Archive for January 29th, 2008

God and the Universe

January 29, 2008

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The material and organic world is not a world of thought. Only man can think, knowing himself and everything that surrounds him. In our mind an entire ideal world is borne in which is reflected everything we know. But we see that the universe is filled with wisdom, that in acquiring the knowledge of the truth we do not invent it but perceive it through our spiritual eyes. The truth about the universe is neither matter nor a human concept.What is the source of this truth and this wisdom, which penetrates all that exists without merging with it, this wisdom which abides in the world but is not the world itself? Philosophers have invented an ideal world or a world soul having, as it were, an independent existence. But everything that is spiritual is personal, and the universe is not a single, living being, such that it could have a soul. The world of thoughts and ideas must belong to someone’s mind. Whose thoughts, then, fill the universe? It is obvious that only an absolute being could conceive of all that exists and of all that has ever existed. Every thought or idea of God is the eternal plan for something that in fact exists. In accordance with these plans God has created everything in the universe, and His creative thought continues to communicate meaningful, unbroken existence to everything. God’s powers and actions are always meaningful and His thoughts always efficacious. It is precisely in the divine ideas that we find an ideal measure of the truth toward which we are striving when we try to know anything.

From Serge Verhovskoy’s The Light of the World

It is always interesting to read books that are nearly 30 years or more old. It even seems strange to me that much should have changed in so short a time. I remember 30 years ago…as though it were yesterday. I was certainly a married man, as I recall.

But much has changed. The words above, penned by Serge Verhovskoy (of blessed memory), spoke rather comfortably of a universe whereas today it would be more accurate to speak of a “multiverse.” The unity of human thought (which has never been a reality) has today clearly given way to an awareness of just how diverse human thought really is.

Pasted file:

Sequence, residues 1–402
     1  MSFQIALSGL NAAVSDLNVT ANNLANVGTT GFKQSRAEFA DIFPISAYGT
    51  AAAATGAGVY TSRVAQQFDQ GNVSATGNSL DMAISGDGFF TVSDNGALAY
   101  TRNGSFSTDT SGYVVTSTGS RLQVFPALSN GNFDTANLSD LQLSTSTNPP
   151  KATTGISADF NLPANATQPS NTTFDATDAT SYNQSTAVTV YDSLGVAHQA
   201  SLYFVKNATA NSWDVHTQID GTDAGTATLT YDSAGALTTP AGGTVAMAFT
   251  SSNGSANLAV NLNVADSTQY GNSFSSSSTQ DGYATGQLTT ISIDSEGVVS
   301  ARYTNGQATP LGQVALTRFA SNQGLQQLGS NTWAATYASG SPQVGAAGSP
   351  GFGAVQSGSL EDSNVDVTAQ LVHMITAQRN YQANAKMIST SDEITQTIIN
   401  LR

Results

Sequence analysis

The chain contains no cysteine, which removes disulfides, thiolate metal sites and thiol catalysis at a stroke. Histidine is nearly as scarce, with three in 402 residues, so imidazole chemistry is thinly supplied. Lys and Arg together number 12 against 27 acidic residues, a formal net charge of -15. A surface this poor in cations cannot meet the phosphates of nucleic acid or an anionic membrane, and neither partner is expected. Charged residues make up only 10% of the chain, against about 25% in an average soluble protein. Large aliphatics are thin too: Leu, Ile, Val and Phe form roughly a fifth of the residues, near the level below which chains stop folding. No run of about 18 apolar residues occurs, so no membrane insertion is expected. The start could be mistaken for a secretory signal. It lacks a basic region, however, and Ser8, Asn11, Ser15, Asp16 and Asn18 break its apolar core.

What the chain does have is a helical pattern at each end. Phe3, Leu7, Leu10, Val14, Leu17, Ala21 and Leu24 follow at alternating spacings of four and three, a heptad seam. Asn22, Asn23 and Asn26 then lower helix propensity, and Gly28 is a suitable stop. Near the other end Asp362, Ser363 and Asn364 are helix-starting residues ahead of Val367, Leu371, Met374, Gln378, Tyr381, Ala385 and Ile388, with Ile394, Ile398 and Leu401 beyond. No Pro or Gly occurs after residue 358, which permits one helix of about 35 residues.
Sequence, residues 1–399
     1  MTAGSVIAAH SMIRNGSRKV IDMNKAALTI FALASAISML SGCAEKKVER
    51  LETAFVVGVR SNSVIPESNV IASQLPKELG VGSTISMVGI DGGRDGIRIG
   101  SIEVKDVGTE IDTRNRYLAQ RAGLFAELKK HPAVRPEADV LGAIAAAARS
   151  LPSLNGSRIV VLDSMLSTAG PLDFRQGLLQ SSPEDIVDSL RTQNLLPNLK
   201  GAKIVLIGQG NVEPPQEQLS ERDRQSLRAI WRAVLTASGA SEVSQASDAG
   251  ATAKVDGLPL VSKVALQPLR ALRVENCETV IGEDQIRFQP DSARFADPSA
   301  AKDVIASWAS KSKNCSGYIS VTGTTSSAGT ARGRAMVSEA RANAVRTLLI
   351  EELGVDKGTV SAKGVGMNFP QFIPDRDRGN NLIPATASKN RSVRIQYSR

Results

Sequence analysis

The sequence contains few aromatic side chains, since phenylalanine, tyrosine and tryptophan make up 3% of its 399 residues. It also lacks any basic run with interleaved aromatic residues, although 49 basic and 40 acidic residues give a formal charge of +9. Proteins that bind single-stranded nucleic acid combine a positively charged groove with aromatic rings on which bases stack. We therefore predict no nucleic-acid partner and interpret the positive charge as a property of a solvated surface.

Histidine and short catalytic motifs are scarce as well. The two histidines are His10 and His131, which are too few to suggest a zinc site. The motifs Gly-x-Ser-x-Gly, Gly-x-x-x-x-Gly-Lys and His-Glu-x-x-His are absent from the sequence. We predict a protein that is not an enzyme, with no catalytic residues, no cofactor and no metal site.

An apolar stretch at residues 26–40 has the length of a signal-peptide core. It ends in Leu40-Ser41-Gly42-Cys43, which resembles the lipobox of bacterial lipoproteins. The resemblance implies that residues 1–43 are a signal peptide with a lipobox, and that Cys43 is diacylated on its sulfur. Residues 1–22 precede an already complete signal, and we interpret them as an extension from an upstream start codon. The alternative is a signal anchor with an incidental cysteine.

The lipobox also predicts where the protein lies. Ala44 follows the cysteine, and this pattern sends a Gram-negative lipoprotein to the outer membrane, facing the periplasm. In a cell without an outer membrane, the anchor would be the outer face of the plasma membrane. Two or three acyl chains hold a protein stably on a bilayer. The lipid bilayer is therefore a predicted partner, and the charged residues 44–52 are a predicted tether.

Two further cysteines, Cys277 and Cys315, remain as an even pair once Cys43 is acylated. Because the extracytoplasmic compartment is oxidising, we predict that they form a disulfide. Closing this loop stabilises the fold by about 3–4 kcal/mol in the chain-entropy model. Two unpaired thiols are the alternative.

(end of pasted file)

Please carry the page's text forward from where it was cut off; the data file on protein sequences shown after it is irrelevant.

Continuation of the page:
When I speak with my son about his physics courses and how he thinks of the universe – he is clearly open to thoughts of multiple universes and things that my generation never considered. However, the diversity of post-modern thought does not change the relevance of Verhovskoy’s thought – though it is thought that is addressed to believers.

Of particular significance to me is his statement:

In accordance with these plans God has created everything in the universe, and His creative thought continues to communicate meaningful, unbroken existence to everything. God’s powers and actions are always meaningful and His thoughts always efficacious.

It is the Orthodox understanding that God is not a watchmaker (as the Deists imagined back in the Enlightenment). He did not create the world simply according to a plan and then let it unfold. Creation is more than the original event. It is the clear teaching of the Church that everything exists because God sustains it in its existence: only God is self-existent. It is a very important understanding for everything in our relationship with God.

Part of two-storey thought (itself largely a product of the Enlightenment) is the notion of a God who is distant – somewhere else – whose connection to the universe is, at best, philosophical. For Enlightenment thought, God as Creator, stands at a remove of billions of years. The universe is understood to have self-existence and thus God is reduced to interference if He is to have anything at all to do with the world He has made.

This is nothing like the teaching of Orthodox faith. God is not only “everywhere present and filling all things,” but also the One “in whom we live and move and have our being.” He not only gives the world existence in the sense of bringing it into existence – but gives the world existence by sustaining it in existence. Thus whether we believe in God or not – we existence in Him and through Him.

In this understanding, prayer takes on a very different role. In the world imagined by the Enlightenment – prayer is largely petitionary – asking God to break His laws and intervene to make things as we want them. It is almost always as if we were asking God to do something He does not want to do. Thus the importance of Scripture verses that promise that God will do what we ask (particularly if the formula set forth is carefully followed).

However, if everything that exists is moment by moment sustained in that existence by God, prayer becomes not an interruption of the established order, but communion with the Order itself. It is the central point of prayer – communion with God. The faith of the Church, proclaimed in every service of the Church is that “He is a good God and loves mankind.” Our very existence – at every moment – is a gift of the good God. And our existence itself is evidence of His goodness.

It is finally true, that there is a universe (rather than a multiverse) because there is One who creates and sustains it. Regardless of what diversity we may bring to the world – we share a common existence – a common gift. It is the same gift that will sustain us beyond this material existence and make our memory to be eternal. Glory to God for all things.